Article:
ICBioethics Blog 

Staffing the Ethics Consultation Position

Written by: Leah Jeunnette, Ph.D.(c)

Consultants possess a specific set of skills who provide expertise for an identified gap. Ethics consultation provides expertise in bioethics, either for a specific patient case, an organizational issue, or a research concern. It is a process to provide support and education to identify the ethical concerns as well as to recommend how to handle said concerns. While most hospitals have ethics committee, only some have an ethics consultant on staff.

The responsibility of ethics consultations defaults to one of two options. First, the ethics committee can address all consult requests. This requires a committee quorum and the coordination of many schedules. The second option is to assign the consult requests to current employees in addition to their full work load.

While the best practice would be to employ a full time ethics consultant, sometimes staffing this position full time is not an option. Those who are full time ethics consultants specialize in ethics and clinical consulting methodology. They have obtained the necessary skills and knowledge to conduct ethics consultations. The two options – either the ethics committee model or the current staff model most often fail to have the skills or effective use of resources to match the expertise of a full time ethics consultant.

Having the entire ethics committee act as the ethics consultant is unnecessary most of the time. Using the entire ethics committee to address a specific case can be overwhelming for the patient or family and often involves an unnecessary number of individuals. Some ethics consultations only require a simple conversation to address a minor issue. Having to assemble an entire committee is often a waste of time and resources. In addition, the ethics committee often only meets once a month at predetermined times, making it difficult to address time sensitive consult requests. Assigning the ethics consulting responsibility to a current staff member can be a successful option, but must be done with careful consideration.

The staff members assigned to ethics consultations may or may not have an ethics background and the responsibility of these consultations is added to an already full work load. While these staff members are trying to fill the role of consultant, there needs to be a level of skill and education that goes along side the assignment of responsibility. While neither of these options is perfect, they are viable options as long as the necessary education and training is included.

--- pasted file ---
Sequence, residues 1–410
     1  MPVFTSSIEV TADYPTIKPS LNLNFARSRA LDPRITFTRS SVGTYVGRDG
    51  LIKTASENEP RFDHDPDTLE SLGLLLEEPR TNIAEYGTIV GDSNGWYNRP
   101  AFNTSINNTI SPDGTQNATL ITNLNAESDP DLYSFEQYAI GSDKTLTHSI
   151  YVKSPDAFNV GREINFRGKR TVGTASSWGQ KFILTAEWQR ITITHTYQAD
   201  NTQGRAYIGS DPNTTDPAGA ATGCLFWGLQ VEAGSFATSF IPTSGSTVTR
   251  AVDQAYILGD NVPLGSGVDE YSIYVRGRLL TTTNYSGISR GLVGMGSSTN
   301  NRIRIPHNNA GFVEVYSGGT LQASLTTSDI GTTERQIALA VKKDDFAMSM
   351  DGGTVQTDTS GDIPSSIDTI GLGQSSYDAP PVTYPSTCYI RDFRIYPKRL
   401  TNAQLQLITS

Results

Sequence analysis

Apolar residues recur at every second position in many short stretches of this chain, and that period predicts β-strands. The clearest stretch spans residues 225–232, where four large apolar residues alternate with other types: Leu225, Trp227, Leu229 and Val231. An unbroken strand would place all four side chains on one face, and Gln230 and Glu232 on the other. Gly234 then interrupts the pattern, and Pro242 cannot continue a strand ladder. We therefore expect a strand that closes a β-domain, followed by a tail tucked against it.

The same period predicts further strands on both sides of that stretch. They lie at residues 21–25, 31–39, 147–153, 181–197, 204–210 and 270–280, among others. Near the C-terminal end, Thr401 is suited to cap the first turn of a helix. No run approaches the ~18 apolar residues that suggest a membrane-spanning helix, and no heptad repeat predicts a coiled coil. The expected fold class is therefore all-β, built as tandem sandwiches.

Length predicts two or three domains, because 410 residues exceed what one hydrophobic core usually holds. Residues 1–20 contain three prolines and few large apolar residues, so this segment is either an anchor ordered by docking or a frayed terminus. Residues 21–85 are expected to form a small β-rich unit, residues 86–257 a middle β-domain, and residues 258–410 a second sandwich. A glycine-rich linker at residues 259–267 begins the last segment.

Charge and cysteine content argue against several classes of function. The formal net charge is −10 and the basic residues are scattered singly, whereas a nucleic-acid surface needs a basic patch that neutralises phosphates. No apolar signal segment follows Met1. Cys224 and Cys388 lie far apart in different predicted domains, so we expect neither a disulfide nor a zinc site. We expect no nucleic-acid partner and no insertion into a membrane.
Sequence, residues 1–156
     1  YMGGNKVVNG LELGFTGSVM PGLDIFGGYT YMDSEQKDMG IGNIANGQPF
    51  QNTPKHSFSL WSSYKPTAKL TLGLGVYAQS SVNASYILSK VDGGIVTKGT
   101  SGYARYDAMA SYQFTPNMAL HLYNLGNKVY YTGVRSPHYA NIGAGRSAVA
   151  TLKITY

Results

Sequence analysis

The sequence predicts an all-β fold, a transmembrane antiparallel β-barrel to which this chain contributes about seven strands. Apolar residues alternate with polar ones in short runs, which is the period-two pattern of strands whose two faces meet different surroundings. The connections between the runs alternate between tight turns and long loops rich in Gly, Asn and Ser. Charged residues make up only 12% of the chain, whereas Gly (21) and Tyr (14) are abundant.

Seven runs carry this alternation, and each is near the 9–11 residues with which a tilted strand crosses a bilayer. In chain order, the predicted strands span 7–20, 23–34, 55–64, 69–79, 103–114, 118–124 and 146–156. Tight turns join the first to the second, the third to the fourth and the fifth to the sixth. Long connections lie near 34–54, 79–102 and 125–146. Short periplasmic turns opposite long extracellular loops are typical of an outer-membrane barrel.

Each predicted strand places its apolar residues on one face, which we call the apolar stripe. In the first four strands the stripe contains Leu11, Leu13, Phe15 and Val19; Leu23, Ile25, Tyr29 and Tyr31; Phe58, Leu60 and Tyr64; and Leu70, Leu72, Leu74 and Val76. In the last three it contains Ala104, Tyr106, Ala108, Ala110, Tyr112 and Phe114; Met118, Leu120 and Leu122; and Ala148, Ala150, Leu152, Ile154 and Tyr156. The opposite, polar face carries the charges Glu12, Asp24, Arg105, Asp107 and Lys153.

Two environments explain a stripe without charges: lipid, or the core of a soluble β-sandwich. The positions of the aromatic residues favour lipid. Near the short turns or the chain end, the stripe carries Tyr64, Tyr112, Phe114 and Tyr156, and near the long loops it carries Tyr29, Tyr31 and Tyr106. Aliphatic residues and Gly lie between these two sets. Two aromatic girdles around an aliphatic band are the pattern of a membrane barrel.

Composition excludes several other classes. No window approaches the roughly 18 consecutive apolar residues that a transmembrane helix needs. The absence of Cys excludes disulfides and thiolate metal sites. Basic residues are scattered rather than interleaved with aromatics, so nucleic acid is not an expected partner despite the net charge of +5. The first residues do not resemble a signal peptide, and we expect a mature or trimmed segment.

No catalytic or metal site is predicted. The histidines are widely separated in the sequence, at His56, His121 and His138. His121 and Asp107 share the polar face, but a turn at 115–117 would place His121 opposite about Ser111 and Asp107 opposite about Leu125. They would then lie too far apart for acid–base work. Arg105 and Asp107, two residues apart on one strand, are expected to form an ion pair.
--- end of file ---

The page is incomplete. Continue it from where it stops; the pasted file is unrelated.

To strive for best practice, education and training should be conducted not just for ethics consultation, but also for bioethics in general. Everyone on the ethics committee and any staff that participates in ethics consultations, needs to have a basic understanding of bioethics. Continuing education and training is vital to the healthcare field and ethics is no different. Once the general bioethics education and training is obtained, ethics consultations can move forward. The ethics committee should oversee the ethics consultations, by assigning the responsibility to current staff. Education and training must be included to qualify the current staff to act as the ethics consultant. The staff member must have a clear understanding of their responsibilities for not just their current job, but also for the new role as an ethics consultant and be aware which role they are fulfilling at any given time. Additional resources and expertise should be made available for unusual or difficult cases. They need to know that support is available and are not expected to know everything regarding bioethics since this is not their primary area of expertise.

By providing better education and resources, having current staff act as an ethics consultants a practical approach. The ethics consultations can function as best practice while using its staff and resources most effectively. It takes effort in the beginning to seek out collaboration and expertise, but in the end it provides a vital and achievable ethics consultation service.

Mitch GennusoComment